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Noticeboard

February 2018 Self Care

From the 19th of February, the Practice will be adopting the West Leicestershire CCG's Self Care campaign.

The CCG thinks that the NHS belongs to everybody and that resources need to be used wisely and the results of their recent review show that most patients feel the same way.  Therefore GPs in West Leicestershire are being asked to no longer prescribe medicines on prescription for the short term treatment of minor ailments, low dose vitamin D supplements for prevention of deficiency and some specialised infant formulas. Patients will be asked to purchase them over the counter instead.  We are also asking patients not to request these items on their prescription.

The review also revealed that many people already feel that their community pharmacist is their first point of contact.  They support them with a range of ailments and they prefer to talk to them about minor conditions saving GP appointment time for more urgent problems.

Community Pharmacists are best placed to help and advise you regarding suitable treatments for common ailments.  The pharmacist will check the medicine is appropriate for you and your health problem. They will ask questions to ensure there is no reason why you should not use the medicine.

Asking people to self-care in this way, and we know that most people already do, is a fair way of utilising resources wisely as most of these items can be purchased in pharmacies and supermarkets at a low cost, but cost the NHS more to provide on a prescription.  It will also free up valuable GP and nurse time, which can be used to deal with more complex or serious health needs.

However if you are worried or your symptoms get worse or persist please call our patient services team for help or 111. 

Home Visits

doctors_bag1If possible please try to telephone before 10am. A doctor will phone you back as it may be that your problem can be dealt with by telephone advice, or that it would be more appropriate to send a District Nurse, or indeed arrange a hospital attendance. Home visits are only available for patients who are housebound because of illness or disability.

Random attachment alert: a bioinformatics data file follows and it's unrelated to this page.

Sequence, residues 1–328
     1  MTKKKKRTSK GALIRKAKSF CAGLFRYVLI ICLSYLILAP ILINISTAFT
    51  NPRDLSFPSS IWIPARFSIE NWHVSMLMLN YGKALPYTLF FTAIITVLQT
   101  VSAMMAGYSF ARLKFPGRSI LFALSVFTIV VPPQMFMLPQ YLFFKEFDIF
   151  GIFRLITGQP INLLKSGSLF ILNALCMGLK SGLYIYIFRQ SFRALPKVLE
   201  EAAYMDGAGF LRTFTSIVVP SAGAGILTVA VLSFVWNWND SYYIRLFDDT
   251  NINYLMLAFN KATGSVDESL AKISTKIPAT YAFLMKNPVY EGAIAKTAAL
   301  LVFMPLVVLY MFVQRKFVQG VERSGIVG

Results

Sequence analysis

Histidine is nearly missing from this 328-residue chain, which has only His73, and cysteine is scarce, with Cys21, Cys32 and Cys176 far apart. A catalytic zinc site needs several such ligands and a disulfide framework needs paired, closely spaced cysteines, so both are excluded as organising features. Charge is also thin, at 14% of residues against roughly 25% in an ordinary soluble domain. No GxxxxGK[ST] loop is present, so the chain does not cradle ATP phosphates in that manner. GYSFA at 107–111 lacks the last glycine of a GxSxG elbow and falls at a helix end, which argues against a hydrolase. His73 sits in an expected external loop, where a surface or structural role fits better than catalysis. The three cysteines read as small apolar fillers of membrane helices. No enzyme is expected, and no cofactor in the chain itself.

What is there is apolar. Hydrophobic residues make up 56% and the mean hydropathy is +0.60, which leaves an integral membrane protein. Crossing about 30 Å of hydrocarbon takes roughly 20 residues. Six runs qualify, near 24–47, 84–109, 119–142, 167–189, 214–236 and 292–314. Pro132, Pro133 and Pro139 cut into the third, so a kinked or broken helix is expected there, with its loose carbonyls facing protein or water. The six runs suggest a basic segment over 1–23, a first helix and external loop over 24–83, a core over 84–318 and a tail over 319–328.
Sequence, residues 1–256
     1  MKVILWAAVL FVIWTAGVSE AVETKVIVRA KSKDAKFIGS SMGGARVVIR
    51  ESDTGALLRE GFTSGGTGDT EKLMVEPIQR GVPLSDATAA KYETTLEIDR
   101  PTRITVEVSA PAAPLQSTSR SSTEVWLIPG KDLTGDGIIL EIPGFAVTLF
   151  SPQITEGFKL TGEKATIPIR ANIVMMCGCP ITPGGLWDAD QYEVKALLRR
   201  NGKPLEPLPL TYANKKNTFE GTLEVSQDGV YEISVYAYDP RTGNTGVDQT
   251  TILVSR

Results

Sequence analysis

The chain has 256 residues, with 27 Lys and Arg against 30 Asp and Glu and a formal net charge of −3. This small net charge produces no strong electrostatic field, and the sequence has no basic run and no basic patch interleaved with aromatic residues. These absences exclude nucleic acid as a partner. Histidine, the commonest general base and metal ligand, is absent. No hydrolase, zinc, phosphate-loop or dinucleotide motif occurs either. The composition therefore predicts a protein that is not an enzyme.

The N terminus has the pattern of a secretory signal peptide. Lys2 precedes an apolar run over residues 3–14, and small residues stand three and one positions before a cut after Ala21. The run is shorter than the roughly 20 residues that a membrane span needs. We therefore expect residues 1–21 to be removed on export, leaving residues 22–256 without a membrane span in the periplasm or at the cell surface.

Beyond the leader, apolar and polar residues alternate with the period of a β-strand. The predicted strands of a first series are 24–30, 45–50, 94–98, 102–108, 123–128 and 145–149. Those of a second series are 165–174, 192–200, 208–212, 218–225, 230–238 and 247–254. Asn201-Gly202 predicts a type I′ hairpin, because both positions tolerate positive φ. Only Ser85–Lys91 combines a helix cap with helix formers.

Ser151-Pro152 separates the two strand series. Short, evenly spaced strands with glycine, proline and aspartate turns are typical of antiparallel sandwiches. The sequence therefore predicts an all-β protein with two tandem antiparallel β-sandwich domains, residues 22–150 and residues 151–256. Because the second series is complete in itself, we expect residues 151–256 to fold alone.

Please remember that several patients can be seen in the practice in the time that it takes to make one home visit. There are also better facilities for examining and treating patients at the surgery. 


Long Lane Surgery - Home Visit Policy

These are our home visiting guidelines.

Visit recommended

We believe home visiting makes clinical sense and is the best way of giving a medical opinion in cases involving:-

  • the terminally ill
  • the truly housebound for whom travel to the surgery by car would cause a deterioration in their medical condition or unacceptable discomfort.

Visit may be useful

After an initial assessment over the telephone a seriously ill patient may be helped by a GP’s attendance.  However the GP may advise the patient, or person with the patient, to ring 999 to receive the appropriate immediate care.

Examples of such situations are:-

  • heart attack
  • severe shortness of breath
  • severe blood loss

Visit is not usual

In most of the following cases, to visit would not be an appropriate use of a GP’s time:-

  • common symptoms of childhood (fevers, cold, cough, earache, headache, diarrhoea/vomiting and most cases of abdominal pain). These patients are usually well enough to travel by car. It is not necessarily harmful to take a child with a fever outside. These children may not be fit to travel by 'bus or to walk, but car transport may be available from friends, relatives or taxi firms. It is not a doctor's responsibility to arrange such transport.
  • adults with common problems (such as cough, sore throat, influenza, back pain and abdominal pain) are also readily transportable by car to a doctor's premises.
  • common problems in the elderly (such as mobility problems, joint pain and general malaise) would also best be treated by consultation at a doctor's premises.

 

 
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